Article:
Andres Gonzales was hoping he would hit a few more fairways and sink a few more putts in his rookie season on the PGA Tour.
But if nothing else goes right for the former UNLV golfer, Gonzales always will remember 2011 as the year he finally got to realize his dream of playing in a major tournament.
The Olympia, Wash., native did it the hard way, but he managed to qualify for the U.S. Open after playing some of his best golf of the year last week in the heat and humidity at Tunica National Golf Club in Memphis, Tenn.
Gonzales, who competed for UNLV from 2003 to 2006, is one of four golfers with Las Vegas ties who made it through qualifying to play at Congressional Country Club in Bethesda, Md., beginning Thursday. The others are former Rebel Chad Campbell, former Bonanza High School star and fellow PGA Tour pro Scott Piercy and former Coronado star and UNLV player Matt Edwards.
They join former Rebels Charley Hoffman, Ryan Moore, Adam Scott and local residents Nick Watney and Kevin Na in the Open field.
"It's my first major," Gonzales said, "and I just hope I can hit enough fairways and greens and put up a good score."
Gonzales, who will tee off at 9:40 a.m. Thursday from the No. 10 tee, said he's not looking to just make the cut and get to the weekend. His focus is on winning, something he hasn't come close to doing this year.
"Everyone has that mindset out on the Tour," he said. "It's a realistic goal to try to make the cut, but winning is also realistic. At least you have to think that way."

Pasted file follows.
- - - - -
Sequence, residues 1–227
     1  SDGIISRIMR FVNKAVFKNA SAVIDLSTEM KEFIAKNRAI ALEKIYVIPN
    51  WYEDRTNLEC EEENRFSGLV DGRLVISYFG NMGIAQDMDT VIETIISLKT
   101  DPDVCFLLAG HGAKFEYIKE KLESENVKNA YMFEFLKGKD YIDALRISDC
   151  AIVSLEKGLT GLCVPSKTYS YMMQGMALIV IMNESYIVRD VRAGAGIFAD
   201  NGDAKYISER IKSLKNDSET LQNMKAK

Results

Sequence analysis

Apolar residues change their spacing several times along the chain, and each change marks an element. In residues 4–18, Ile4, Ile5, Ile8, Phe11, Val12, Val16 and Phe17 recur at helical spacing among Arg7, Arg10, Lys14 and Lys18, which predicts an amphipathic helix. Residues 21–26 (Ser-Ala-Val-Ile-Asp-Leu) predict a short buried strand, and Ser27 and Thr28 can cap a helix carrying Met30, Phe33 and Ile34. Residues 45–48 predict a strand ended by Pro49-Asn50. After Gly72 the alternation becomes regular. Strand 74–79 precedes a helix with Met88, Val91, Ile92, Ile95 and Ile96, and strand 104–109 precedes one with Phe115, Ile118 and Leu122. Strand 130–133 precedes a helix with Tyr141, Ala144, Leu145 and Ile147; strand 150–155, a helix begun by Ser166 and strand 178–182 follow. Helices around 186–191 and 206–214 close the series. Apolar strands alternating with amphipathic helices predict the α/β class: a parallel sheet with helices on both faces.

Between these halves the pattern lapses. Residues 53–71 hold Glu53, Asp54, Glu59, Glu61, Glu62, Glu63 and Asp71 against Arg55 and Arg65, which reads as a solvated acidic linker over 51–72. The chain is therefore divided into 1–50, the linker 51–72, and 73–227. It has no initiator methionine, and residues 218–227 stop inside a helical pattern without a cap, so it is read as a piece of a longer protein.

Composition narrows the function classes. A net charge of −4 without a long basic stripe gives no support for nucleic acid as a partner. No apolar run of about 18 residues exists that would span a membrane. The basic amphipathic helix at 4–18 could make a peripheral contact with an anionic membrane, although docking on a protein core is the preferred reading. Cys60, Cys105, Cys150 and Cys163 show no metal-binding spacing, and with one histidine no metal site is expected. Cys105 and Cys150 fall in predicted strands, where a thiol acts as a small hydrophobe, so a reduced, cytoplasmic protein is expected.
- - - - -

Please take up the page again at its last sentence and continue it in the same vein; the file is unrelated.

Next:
Gonzales has yet to get his game untracked this season.
In eight PGA Tour events, he has made the cut just twice and won less than $16,000. In three Nationwide Tour events, he has missed the cut twice and has just $1,925 in earnings.
"I haven't played up to the standard I would like," Gonzales said. "But I feel like I've started to play better the last month or so. Earlier in the year, I was trying to win the tournament with each shot, and you can't play golf that way and be successful.
"I started to relax more and not put as much pressure on myself, and it seems to be helping. My short game is better lately, and I'm getting up and down a lot."
Gonzales said he managed to be tougher, mentally and physically, than most of the competitors at last week's sectional qualifier to get his spot in the field.
"It was so hot, you had to out-grind people," he said. "Mentally, I was able to stay in it a little longer than most guys, and I think my time at UNLV helped me. I always played well in the heat when I was in Las Vegas."
Gonzales can only hope he carries over his play from sectional qualifying to this week's Open and that it jump-starts his first season on the tour.
"I know I can play better," he said. "It's been a struggle so far. But it's a learning process, and you have to look at it from a big-picture perspective. Throwing this on the resume helps."
Contact reporter Steve Carp at email@example.com or 702-387-2913. Follow him on Twitter: @stevecarprj.